Nicki Lauda said “A lot of people criticize Formula 1 as an unnecessary risk. But what would life be like if we only did what is necessary?” The F1 legend lived his own life by that maxim. Thousands of people watched in awe from the tracks and their screens as this incredible racer steamed around the circuits. If you enjoy high speed sports it is defintiely worth making sure your picture is clear and a Stroud Aerial Installation comapny such as http://steveunettaerials.co.uk/services/tv-aerial-repair-and-installation-stroud/ can help, you wouldn’t want to miss the career of the next up and coming Nicki Lauda.

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  1. 1974 Spanish GP

In his first season at Ferrari, he started on pole and had a tricky start in the rain-affected race, but tactics came into play and despite trailing for much of the encounter, Lauda led home a Ferrari one two in front of teammate Clay Regazzoni as the race ended early, due to rain. It was Ferrari’s first win for two years and set down a marker for Lauda’s career.

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2. 1975 Monaco

The jewel in the crown for F1 drivers is the Monaco Grand Prix. Over Lauda’s career, it was not his favourite track.

In 1975, Lauda had the car and proved he had the skills to take pole. He took the flag with a lead of just over two seconds, handing Ferrari their first win at Monaco for 20 years. He won the title that year.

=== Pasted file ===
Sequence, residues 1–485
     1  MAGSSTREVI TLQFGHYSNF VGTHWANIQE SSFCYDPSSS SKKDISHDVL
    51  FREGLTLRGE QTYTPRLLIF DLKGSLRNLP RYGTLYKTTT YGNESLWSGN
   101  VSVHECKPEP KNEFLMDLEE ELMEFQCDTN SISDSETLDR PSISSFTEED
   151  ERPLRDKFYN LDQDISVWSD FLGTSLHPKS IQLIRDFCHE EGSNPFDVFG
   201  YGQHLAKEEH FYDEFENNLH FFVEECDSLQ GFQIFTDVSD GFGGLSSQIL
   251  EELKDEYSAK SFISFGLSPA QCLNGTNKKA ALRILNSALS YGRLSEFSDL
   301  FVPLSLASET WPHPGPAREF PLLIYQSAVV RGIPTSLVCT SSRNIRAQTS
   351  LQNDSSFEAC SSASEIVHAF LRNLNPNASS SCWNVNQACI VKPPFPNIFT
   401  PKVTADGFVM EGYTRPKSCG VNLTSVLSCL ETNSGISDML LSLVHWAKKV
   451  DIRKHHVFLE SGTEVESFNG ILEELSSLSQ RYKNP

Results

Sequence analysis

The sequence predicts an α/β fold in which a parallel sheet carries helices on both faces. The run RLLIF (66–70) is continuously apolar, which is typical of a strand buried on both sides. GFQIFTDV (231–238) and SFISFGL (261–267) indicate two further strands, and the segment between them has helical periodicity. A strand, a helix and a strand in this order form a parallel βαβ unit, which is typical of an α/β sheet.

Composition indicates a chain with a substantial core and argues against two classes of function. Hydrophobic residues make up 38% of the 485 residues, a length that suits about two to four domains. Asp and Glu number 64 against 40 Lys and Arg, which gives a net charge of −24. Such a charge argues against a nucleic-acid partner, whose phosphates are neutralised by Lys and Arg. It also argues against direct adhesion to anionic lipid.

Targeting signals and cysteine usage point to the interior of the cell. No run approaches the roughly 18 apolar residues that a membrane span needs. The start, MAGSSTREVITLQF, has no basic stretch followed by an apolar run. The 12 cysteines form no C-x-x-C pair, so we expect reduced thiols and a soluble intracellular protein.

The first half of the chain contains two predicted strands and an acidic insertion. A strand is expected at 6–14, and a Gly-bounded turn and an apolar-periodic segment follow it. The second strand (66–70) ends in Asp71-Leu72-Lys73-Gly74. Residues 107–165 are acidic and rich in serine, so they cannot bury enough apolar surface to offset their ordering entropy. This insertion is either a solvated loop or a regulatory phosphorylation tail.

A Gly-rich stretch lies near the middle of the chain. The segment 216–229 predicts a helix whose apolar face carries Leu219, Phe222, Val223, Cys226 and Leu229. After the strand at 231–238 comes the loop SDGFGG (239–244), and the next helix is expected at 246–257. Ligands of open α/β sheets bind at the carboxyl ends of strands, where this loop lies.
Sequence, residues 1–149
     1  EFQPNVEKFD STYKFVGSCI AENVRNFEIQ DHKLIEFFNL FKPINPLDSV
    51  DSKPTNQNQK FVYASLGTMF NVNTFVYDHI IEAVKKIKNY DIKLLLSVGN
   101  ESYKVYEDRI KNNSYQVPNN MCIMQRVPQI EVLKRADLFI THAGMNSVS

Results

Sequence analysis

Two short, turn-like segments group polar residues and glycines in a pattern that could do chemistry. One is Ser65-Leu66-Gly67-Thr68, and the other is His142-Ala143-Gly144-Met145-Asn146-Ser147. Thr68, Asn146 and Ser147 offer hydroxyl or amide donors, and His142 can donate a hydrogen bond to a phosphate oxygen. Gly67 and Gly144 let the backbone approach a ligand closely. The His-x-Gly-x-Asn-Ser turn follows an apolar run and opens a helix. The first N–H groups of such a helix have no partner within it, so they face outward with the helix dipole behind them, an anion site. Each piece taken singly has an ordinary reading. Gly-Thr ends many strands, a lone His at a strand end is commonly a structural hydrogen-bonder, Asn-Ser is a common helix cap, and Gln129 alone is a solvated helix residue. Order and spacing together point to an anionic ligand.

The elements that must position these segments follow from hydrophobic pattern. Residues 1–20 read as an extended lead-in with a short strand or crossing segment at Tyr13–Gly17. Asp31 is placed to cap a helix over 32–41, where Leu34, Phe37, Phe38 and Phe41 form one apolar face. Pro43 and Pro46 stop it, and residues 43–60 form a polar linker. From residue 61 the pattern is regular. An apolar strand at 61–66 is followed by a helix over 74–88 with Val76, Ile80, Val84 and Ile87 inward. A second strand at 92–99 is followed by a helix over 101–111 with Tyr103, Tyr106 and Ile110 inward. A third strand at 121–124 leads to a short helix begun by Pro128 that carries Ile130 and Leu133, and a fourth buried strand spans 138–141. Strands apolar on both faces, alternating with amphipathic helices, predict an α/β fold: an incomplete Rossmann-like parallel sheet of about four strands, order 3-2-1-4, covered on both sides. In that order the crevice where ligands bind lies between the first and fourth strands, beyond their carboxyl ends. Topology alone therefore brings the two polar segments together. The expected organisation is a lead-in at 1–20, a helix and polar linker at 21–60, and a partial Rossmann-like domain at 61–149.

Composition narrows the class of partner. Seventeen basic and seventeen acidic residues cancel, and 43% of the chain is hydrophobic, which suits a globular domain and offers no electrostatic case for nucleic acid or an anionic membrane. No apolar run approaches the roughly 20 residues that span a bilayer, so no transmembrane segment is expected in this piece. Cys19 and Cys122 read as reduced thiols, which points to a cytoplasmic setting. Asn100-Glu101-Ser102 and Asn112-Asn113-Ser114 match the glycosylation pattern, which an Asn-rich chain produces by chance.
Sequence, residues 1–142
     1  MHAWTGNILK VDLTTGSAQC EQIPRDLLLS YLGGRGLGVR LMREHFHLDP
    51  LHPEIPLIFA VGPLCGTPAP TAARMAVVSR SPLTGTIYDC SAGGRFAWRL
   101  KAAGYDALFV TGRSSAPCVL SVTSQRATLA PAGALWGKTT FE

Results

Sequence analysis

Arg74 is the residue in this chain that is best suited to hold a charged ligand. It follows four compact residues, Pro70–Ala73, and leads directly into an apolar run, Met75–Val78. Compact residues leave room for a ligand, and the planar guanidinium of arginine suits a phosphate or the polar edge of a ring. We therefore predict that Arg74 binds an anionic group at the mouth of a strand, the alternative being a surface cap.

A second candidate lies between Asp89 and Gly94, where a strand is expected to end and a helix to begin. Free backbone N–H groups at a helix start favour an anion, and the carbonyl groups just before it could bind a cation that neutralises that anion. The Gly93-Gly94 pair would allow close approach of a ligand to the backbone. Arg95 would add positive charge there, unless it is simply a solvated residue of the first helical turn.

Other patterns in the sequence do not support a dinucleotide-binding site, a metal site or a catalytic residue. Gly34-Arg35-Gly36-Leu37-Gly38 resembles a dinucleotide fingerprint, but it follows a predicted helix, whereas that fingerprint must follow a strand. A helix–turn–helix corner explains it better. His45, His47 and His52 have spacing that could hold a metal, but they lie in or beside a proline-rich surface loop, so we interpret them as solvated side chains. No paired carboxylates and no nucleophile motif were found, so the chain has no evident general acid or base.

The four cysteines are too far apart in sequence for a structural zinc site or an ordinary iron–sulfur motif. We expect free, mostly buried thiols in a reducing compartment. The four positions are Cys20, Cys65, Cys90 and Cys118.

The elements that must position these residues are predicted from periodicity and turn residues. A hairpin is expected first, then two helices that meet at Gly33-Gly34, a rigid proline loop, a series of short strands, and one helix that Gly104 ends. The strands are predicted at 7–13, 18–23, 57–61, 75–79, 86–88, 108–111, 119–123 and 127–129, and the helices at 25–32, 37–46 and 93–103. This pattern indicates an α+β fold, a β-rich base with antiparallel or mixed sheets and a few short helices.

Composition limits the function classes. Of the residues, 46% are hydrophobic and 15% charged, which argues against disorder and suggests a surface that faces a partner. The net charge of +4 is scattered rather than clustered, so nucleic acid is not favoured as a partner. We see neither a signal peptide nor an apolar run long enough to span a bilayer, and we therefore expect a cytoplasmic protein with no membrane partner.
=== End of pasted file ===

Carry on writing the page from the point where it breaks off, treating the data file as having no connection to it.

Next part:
3. 1976 Monza

His accident at Nurburgring threatened his life, but just 42 days later, Lauda returned to his car for Ferrari’s home race in Monza. After finishing fourth and removing his balaclava, blood was seen on Lauda’s face after dressings on his wounds were torn away.

4. Estoril 1984

After retiring in 1979, Lauda returned to F1 with McLaren, teamed with the French tyro, Alain Prost. In Portugal, Lauda had to finish second if Prost won the race. Nigel Mansell’s retirement handed him the spot and the drivers’ title.

5. Zandvoort 1985

In what was to be his final season, Lauda was let down by his car, retiring eight times in 10 races. The Dutch Grand Prix was a classic, as again he came from the back on the grid to overhaul Prost and register his 25th and final F1 victory.

Following Lauda’s death, the sport paid tribute to one of its greats.

The Austrian ace lived by his words and will be remembered as one of the bravest drivers to participate in the sport.